Zealand Pharma has taken its first steps to build US commercial operations with an aim to launch four peptides over the next five years.
According to Zealand Pharma CEO Emmanuel Dulac, the Danish biotech has “one of the most predictive and promising platforms” in the therapeutic peptide space, and 20 years of discovery and R&D are rapidly approaching fruition.
“We have proven that we can take multiple programs through the clinics and execute on them according to industry benchmarks. To harvest the benefits of these years of investments and efforts, we are now preparing to take our own products through registration and commercialization,” he told stakeholders during Zealand’s first half 2019 financial results call.
“We have retained the full commercial rights for our late-stage programs, and assuming we get approval for glepaglutide and dasiglucagon in all indications, we are contemplating four launches in three years, starting in 2021.”
Glepaglutide, a long-acting GLP-2 analog for the treatment of short bowel syndrome (SBS), is in Phase III studies in the US and elsewhere, as is dasiglucagon, being developed in different formulations for severe hypoglycemia, type 1 diabetes management and congenital hyperinsulinism (CHI).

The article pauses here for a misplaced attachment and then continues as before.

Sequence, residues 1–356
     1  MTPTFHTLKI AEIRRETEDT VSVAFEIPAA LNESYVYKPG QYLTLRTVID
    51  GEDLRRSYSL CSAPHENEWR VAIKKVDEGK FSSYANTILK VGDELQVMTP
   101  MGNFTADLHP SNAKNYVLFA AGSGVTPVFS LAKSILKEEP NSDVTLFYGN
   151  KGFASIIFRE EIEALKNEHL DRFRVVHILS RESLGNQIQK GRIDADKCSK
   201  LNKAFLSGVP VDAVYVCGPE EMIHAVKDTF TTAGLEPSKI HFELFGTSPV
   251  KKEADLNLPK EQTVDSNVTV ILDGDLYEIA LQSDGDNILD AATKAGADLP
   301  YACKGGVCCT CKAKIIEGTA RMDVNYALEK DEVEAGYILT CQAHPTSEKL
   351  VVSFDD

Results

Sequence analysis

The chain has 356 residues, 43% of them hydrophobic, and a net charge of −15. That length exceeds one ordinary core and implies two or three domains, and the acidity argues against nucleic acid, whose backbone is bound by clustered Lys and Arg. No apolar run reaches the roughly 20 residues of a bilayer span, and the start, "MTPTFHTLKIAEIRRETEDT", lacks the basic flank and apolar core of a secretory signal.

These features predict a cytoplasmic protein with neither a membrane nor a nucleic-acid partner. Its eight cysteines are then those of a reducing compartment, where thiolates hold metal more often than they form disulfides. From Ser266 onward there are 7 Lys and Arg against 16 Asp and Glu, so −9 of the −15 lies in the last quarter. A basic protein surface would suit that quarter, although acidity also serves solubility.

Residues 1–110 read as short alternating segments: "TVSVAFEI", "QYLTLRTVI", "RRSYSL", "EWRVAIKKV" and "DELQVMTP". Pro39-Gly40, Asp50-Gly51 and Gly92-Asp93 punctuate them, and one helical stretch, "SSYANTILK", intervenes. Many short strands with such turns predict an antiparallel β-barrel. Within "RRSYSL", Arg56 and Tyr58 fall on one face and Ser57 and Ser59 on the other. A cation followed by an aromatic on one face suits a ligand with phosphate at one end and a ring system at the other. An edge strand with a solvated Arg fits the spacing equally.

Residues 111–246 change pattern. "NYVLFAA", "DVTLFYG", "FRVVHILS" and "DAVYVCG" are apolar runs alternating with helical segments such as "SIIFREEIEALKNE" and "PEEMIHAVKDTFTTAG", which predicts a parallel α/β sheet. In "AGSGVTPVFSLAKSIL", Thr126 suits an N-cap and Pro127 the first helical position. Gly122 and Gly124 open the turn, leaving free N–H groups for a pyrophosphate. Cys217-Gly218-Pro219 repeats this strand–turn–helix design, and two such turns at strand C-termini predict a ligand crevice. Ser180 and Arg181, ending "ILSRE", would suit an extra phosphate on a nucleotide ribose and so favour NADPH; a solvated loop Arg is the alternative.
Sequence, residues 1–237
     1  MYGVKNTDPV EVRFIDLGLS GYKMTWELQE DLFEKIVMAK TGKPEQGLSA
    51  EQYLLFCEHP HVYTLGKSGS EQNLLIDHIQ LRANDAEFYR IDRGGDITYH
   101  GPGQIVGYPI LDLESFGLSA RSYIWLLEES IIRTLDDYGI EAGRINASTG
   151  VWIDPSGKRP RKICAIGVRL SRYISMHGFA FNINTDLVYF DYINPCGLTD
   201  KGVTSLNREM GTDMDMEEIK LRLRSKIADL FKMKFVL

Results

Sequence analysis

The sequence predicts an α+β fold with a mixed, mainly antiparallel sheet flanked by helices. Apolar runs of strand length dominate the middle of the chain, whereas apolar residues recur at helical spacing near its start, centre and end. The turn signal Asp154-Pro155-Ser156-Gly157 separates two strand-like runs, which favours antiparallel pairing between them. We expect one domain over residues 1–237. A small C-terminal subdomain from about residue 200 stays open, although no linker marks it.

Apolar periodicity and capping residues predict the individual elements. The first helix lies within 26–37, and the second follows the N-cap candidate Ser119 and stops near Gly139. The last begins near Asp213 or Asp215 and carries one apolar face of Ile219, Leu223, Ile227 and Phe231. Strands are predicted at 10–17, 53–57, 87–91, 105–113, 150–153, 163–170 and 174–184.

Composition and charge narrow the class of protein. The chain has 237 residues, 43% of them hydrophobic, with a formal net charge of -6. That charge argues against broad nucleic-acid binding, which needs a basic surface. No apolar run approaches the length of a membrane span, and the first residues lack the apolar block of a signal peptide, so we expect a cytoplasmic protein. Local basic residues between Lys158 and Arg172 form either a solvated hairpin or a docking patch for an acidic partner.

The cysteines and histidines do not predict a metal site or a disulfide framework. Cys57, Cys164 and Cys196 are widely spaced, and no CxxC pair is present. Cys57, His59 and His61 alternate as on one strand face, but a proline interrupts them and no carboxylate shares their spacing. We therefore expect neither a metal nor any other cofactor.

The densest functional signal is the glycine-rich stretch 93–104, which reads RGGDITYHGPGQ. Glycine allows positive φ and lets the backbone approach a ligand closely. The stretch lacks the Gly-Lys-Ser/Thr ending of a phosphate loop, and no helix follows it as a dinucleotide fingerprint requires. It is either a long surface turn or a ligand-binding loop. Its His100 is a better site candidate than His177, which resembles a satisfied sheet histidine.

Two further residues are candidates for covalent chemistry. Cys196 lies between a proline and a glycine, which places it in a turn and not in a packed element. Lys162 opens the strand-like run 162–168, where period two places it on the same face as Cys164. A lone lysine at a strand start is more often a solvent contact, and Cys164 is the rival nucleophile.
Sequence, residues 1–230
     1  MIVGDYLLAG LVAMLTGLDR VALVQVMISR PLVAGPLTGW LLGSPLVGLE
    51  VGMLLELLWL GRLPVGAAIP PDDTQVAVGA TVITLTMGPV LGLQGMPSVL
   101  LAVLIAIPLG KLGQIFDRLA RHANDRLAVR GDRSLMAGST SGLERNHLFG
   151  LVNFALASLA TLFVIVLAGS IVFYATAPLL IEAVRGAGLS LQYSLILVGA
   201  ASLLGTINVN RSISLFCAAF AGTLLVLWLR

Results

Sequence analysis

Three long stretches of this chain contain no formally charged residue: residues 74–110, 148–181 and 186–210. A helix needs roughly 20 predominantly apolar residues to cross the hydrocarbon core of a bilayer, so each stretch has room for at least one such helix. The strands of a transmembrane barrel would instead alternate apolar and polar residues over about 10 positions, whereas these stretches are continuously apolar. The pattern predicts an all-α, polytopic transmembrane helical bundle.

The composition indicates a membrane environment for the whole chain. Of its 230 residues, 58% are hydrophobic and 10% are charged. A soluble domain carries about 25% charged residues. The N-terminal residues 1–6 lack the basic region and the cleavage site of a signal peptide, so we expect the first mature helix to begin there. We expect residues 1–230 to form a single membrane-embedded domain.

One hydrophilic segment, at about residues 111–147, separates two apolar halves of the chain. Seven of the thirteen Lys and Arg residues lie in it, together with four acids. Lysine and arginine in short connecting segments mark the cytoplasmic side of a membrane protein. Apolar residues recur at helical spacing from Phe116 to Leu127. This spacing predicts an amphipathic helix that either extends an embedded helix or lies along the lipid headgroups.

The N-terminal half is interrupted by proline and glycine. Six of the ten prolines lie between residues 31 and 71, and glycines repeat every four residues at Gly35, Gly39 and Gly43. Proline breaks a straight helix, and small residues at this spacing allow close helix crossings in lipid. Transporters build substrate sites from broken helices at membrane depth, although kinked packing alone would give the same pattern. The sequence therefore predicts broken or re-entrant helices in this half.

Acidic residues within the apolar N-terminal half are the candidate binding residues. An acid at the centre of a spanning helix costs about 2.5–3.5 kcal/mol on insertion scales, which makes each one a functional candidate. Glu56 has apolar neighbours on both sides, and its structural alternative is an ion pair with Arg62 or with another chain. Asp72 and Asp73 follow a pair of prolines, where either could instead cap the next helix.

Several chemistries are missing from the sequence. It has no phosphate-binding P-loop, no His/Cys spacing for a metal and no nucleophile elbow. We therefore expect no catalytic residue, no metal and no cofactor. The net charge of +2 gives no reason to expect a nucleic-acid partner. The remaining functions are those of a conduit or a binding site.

“After a score assessment of market potential and partnerships we concluded that building our own commercial presence in the US to market all of the products coming from our fully own programs is the best way for Zealand Pharma to maximize the value of our company and grow our assets.”
And to support this strategy, the firm said it is taking its first steps into building out its US operations.
“We are accelerating the buildup of our US operations and preparing for transition into a commercial stage company in 2020,” said Dulac.
“We are recruiting for the top leadership roles and started executing on our medical and commercial launch strategy. I look forward to welcoming new team members into these critical roles and to establishing a footprint in the most important markets for potential products.”
Further details have not been announced, but promises were made to update investors “in the coming quarters on our commercial readiness efforts in much more detail.”
For the first half 2019, Zealand reported sales of DKK 19.9 million ($3 million) from an existing license agreement with Alexion, but reported a net operating loss of DKK 272 million ($40 million).